This year marked the 84th anniversary of Kristallnacht, or the Night of Broken Glass, a state-sponsored pogrom widely commemorated as the start of the Holocaust.
On Nov. 9, 1938, and crossing into the next day, Nazis and their sympathizers unleashed waves of terror and destruction on Jewish communities across Germany, Austria and the Sudetenland (then the northern, southern, and western areas of former Czechoslovakia).
To mark the anniversary of those events, Yeshiva University’s Emil A. and Jenny Fish Center for Holocaust and Genocide Studies offered a compelling lecture on the subject of Holocaust distortion in Eastern Europe. Co-hosted by YU’s Student Holocaust Education Movement; Names, Not Numbers, the acclaimed documentary film project; and the Norman E. Alexander Center for Jewish Life, the program featured Dr. Efraim Zuroff, the director of the Simon Wiesenthal Center in Jerusalem, who as a renowned historian and Nazi hunter of more than forty years, has played a pivotal role in bringing indicted Nazi and fascist war criminals to trial. Among his many published works is Our People: Discovering Lithuania’s Hidden Holocaust. Co-authored by Lithuanian journalist Rūta Vanagaitė, the book offers a powerful examination of the genocidal murder of Lithuanian Jews by their own countrymen during World War II.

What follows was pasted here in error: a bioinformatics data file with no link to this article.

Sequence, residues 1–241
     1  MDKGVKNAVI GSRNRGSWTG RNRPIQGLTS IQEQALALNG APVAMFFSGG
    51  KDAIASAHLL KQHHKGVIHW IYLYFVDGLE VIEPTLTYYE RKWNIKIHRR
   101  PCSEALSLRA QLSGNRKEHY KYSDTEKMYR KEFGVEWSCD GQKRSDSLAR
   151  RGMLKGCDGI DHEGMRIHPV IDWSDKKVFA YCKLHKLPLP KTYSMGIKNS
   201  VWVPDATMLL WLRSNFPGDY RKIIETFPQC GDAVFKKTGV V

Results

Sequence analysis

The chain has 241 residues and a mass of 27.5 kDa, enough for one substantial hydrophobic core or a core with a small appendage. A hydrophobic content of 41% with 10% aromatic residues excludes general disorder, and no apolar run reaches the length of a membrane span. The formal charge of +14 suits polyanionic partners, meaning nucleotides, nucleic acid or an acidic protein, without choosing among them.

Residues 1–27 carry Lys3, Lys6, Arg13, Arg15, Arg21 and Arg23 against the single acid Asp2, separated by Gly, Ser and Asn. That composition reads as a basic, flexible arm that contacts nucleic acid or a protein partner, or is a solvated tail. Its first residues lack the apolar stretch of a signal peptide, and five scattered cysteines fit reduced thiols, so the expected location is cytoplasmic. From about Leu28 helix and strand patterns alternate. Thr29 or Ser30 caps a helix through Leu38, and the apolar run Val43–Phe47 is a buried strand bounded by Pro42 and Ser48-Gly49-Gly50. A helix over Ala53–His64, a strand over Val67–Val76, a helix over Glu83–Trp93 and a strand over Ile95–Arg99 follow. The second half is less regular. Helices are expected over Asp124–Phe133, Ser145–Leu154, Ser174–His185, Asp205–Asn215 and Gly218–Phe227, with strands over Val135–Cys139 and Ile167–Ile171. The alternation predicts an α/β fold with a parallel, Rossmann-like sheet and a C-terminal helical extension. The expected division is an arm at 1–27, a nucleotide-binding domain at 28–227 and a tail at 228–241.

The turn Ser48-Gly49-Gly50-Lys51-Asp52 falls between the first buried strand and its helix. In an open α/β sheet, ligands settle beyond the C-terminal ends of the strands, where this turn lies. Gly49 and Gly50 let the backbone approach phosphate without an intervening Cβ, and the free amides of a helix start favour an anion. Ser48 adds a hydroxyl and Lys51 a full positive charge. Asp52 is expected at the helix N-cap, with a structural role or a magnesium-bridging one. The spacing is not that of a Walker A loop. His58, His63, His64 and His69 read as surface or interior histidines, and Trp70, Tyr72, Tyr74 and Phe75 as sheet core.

Before an audience of more than 60 YU students and guests, Dr. Zuroff discussed how and why the democratic governments emerging in Eastern Europe since the dissolution of the Soviet Union have refused to confront the widespread complicity some of their nationals have had in the Holocaust. In deflecting attention away from local collaborators’ participation in the mass murder of Jews, these governments have promoted a false equivalency between Nazi and Communist crimes. According to Dr. Zuroff, Lithuania has been one of the worst offenders.
Tracing that history of distortion while contrasting East European responses to the Holocaust with those of the West, Dr. Zuroff illuminated a chapter of Holocaust history that is still very much in the shadows. “Holocaust deniers, as in the case of David Irving and his failed libel suit against Deborah Lipstadt, the Holocaust historian who is now United States Special Envoy to Monitor and Combat Antisemitism, have been successfully confronted,” he said. “But, nonetheless, Holocaust distortion in Eastern Europe is still very much alive.”
He reminded the audience that as the last of the survivors die off, the quest for justice, reflected in the phrase “We must never forget,” must continue despite others’ persistent and long-established attempts at presenting false narratives in the court of public opinion.